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The Report by Karthik Krishnaswamy
July 13, 2014
India 457 (Vijay 146, Dhoni 82) and 391 for 9 decl (Binny 78, Bhuvneshwar 63*) drew with England 496 (Root 154*, Anderson 81, Bhuvneshwar 5-82)
Scorecard and ball-by-ball details
Highlights - Allrounders keep game level
Having started the day with the draw seemingly a formality, India suffered a serious scare as England took three wickets for 17 runs in the first hour of the morning. But Stuart Binny steered them back to safety and was looking on course for a century on debut before Moeen Ali had him lbw with ten minutes to go for tea. Bhuvneshwar Kumar then scored his second half-century of the match - only the second time anyone had done this from No. 9 - and England didn't even get to begin a second innings as the players shook hands when MS Dhoni declared at the stroke of the final hour.
By then, Alastair Cook had treated the Trent Bridge crowd to one over of donkey-drop offspin and one over of gentle medium-pace, with which he had Ishant Sharma caught behind down the leg side. Cook's Bob Willis impersonations summed up the Test match, during which it had become increasingly difficult to assess the two sets of players, on a surface with close to nothing in it for the bowlers. Years from now, it will mostly be remembered for the lower-order batting records it produced.
Binny showed his batting ability, but it can't be said he completely justified his selection, even if it would be harsh to judge his seam bowling on this pitch. He might even find himself in the strange position of being left out of the second Test after coming close to a century on debut and helping save a match from a wobbly position.
Binny walked in with India six down and leading by 145, with two-and-a-half sessions remaining. England's seamers were getting the ball to reverse under cloudy skies, and Ravindra Jadeja had faced 33 balls at the other end without getting off the mark. But Binny radiated calm right from the start, and looked more secure in defence than either Jadeja or MS Dhoni had done before him. He punished the loose balls confidently, and had moved to 26 by lunch to take the lead close to 200.
The seventh-wicket partnership moved to 65 before James Anderson finally dismissed Jadeja, having tormented him all morning. Jadeja had been beaten numerous times before finally edging the angled delivery to Matt Prior. India's lead at that point was 210, and England might have felt they still had a sniff but Bhuvneshwar Kumar came in and dampened their hopes, proving as immovable as he had been in the first innings.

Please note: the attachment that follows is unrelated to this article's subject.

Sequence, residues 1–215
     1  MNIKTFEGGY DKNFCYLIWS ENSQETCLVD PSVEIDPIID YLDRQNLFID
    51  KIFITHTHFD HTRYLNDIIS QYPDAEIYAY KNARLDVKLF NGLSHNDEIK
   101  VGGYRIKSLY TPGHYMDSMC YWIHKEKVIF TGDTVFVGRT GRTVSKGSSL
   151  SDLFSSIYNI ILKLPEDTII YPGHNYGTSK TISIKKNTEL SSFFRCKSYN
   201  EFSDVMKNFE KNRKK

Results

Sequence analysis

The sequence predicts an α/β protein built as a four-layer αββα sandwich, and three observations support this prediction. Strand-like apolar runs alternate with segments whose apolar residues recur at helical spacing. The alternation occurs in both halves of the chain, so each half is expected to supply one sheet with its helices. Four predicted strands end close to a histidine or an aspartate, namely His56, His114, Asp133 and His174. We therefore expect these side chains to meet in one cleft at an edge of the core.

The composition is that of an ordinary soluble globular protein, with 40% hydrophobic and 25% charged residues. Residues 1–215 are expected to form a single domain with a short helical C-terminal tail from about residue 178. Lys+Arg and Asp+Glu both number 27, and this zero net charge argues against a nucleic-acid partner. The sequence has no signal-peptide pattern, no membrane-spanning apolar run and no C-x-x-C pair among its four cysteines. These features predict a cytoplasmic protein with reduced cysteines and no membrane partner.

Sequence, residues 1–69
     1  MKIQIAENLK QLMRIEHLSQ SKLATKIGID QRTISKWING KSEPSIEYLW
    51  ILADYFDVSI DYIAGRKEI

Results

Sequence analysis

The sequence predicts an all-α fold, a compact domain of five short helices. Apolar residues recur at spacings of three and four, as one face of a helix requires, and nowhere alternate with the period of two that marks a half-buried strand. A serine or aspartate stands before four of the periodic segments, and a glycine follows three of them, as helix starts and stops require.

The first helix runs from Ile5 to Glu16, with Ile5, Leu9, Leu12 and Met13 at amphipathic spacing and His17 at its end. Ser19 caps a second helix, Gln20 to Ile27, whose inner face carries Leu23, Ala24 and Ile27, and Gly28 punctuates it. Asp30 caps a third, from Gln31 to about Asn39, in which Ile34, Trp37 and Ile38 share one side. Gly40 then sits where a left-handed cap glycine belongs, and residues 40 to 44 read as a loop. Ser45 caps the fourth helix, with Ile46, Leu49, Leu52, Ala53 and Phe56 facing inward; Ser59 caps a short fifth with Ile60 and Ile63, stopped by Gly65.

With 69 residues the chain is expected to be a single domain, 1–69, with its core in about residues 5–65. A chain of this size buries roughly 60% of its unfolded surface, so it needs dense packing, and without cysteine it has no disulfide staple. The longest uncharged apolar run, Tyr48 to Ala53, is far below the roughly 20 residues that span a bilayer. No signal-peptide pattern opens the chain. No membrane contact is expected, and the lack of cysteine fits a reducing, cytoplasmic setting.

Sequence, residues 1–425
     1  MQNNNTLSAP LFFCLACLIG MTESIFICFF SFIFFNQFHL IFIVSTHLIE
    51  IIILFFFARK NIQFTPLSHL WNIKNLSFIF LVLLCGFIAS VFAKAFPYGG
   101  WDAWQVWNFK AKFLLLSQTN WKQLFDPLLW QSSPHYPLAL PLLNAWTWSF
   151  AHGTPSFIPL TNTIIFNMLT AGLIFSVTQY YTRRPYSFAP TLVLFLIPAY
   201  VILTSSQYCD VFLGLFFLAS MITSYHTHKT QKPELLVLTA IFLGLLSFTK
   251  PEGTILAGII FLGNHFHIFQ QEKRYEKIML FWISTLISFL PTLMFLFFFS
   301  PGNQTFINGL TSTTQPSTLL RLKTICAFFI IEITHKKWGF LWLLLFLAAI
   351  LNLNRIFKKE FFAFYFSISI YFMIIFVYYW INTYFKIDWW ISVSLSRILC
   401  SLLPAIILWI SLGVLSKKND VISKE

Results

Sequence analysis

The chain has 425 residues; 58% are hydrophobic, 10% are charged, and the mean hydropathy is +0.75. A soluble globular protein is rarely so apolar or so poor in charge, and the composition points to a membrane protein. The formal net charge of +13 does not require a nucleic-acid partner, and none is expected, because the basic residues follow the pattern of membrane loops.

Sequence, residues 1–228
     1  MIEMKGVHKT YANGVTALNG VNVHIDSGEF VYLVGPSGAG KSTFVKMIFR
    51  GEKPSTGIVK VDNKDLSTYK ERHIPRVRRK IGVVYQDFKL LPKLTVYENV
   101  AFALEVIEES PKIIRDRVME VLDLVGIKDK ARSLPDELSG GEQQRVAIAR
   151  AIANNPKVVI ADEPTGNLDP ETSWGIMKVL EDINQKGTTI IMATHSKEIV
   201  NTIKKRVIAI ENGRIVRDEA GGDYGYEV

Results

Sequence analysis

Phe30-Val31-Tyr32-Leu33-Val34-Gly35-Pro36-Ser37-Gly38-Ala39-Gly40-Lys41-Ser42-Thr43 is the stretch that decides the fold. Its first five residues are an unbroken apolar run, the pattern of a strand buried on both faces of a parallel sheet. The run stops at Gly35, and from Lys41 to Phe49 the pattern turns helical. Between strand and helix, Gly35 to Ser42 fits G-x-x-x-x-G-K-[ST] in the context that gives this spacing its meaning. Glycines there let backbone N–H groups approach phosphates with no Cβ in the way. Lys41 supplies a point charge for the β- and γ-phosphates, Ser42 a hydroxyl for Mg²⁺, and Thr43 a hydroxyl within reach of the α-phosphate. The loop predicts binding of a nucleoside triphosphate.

Binny by then had moved into the 30s, and he didn't take long in getting to 50, pulling and steering Liam Plunkett for successive fours before reaching the mark with a single. His strokeplay grew in range when Moeen Ali came on, and he moved quickly into the 70s with a boundary nearly every over against the offspinner, including a reverse-sweep and a flat, inside-out six over extra cover. With plenty of time left in the session it looked as though he could complete a century before tea but Moeen turned one in from around the wicket to trap him lbw.
The day had begun after a 15-minute rain delay, and Stuart Broad and Anderson immediately found reverse swing under cloudy skies. In the second over of the morning, Broad snaked the ball into Virat Kohli and struck him just in front of off stump. First ball of Broad's next over drew Rahane forward. Having seen both bowlers finding consistent reverse into the right-hander, Rahane chose to play at the ball to protect his off stump. It stayed its course, however, and kissed his outside edge through to Prior.
Broad could have had another wicket four overs later. MS Dhoni went after a length ball outside off and got a thick edge that went to Alastair Cook at first slip but he dropped a simple knee-height chance. It didn't prove a costly miss, though. Dhoni and India had only added six more runs to their respective totals when Plunkett replaced Broad and struck first ball. Dhoni, looking to play across the line to a full, inswinging delivery, missed the ball and saw it ricochet off his front pad onto the stumps.
England at that point might have sensed a first Test win in 11 months, having been down and out at one stage. India might have feared yet another overseas defeat in a Test match they had dominated for long periods. Neither side was good enough to force a win on such a surface, but both sides seemed bad enough, at times, to lose.
Karthik Krishnaswamy is a senior sub-editor at ESPNcricinfoFeeds: Karthik Krishnaswamy
© ESPN Sports Media Ltd.
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After the tragedy of Phillip Hughes' death, this match showed that cricket and life will continue to go on. This time Test cricket dug in and got through to tea.
Virat Kohli's innings on the final day transcended the conditions, the bowlers and his batting partners, and when it was all in vain, he displayed remarkable grace in defeat
Both batsmen seemingly have buckets of talent at their disposal and the backing of their captains, but soft dismissals relentlessly follow both around the Test arena
Josh Hazlewood has been on Australian cricket's radar since he was a teenager. The player that made a Test debut at the Gabba was a much-improved version of the tearaway from 2010
The new stand-in captain has the makings of a long-term leader, given his ability to stay ahead of the game
Turning your back on a system that the whole cricketing world wants a discussion on, refusing to discuss it because it is not 100%, is not good enough
The failed gamble of handing Karn Sharma a Test debut despite him having a moderate first-class record means India have to rethink who their spinner will be
After a long time we have seen an Indian team and captain enjoy the challenge of trying to overcome stronger opposition in an overseas Test